Scientists make alarming find about ancient trees

Researchers taking a survey of some of the world's oldest and funkiest trees have bad news to report: Africa's legendary baobabs are dying. The statistic getting the most attention out of the new study in Nature Plants is that eight of the continent's 13 oldest baobabs have died since 2005 and five of the six largest have suffered significant collapses.

The scientists can't say for sure what's going on, but they suspect that climate change—as in, higher temperatures and drought—is the primary culprit in the deaths throughout Zimbabwe, Namibia, South Africa, Botswana, and Zambia, reports the BBC.

Baobabs grow in unusual ways, often with hollows, making it difficult to gauge precise ages, but the research team says the trees in the survey range in age from 1,000 to 2,500 years, reports NPR.

“It is very surprising to visit monumental baobabs, with ages greater than a thousand to two thousand years, which seem to be in a good state of health, and to find them after several years fallen to the ground and dead,” study co-author Adrian Patrut of Babes-Bolyai University in Romania tells National Geographic.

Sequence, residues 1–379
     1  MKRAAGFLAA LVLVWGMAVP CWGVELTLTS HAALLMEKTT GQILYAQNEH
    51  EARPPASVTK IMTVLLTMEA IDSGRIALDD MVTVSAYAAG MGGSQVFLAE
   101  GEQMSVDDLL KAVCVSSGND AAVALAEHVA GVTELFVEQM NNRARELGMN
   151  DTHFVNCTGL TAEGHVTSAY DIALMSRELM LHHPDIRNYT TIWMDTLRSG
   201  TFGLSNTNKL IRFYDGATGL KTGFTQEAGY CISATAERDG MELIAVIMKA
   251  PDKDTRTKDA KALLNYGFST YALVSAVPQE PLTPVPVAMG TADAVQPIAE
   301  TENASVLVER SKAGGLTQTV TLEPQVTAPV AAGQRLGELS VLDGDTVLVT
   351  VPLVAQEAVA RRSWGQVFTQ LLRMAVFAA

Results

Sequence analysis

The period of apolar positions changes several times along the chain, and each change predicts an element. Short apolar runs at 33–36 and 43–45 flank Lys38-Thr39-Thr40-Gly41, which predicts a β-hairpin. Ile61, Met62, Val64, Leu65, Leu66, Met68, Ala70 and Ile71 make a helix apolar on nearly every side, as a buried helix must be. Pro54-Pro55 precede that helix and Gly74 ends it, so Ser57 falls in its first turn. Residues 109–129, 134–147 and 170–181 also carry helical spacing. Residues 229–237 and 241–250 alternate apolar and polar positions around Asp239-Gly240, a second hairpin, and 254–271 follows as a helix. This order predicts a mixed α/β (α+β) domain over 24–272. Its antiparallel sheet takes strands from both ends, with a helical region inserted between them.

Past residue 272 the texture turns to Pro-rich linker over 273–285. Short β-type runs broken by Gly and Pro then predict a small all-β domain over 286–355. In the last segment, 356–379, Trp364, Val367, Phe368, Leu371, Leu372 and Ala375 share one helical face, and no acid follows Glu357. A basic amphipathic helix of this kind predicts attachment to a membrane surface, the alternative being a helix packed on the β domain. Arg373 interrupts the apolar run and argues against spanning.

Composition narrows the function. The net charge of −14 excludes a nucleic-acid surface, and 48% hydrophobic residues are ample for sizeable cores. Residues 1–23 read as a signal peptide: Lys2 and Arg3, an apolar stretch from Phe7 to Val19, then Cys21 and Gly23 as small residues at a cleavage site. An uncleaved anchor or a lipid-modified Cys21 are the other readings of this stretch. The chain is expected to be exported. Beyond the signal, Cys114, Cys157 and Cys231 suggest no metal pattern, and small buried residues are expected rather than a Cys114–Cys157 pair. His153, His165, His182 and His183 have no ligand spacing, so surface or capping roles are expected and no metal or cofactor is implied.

And it's no fluke, he adds. "Statistically, it is practically impossible that such a high number of large old baobabs die in such a short time frame due to natural causes." The stories note baobabs' iconic place in African history.

In South Africa, one legendary baobab more than 1,000 years old grew to 111 feet and had a hollow so large that it functioned as a pub for two decades.

The tree started to split in 2016 and collapsed completely the following year. (The Nazis' attempt to cloak its ship affected Norway's trees.)

This article originally appeared on Newser: Scientists Make Alarming Find About Ancient Trees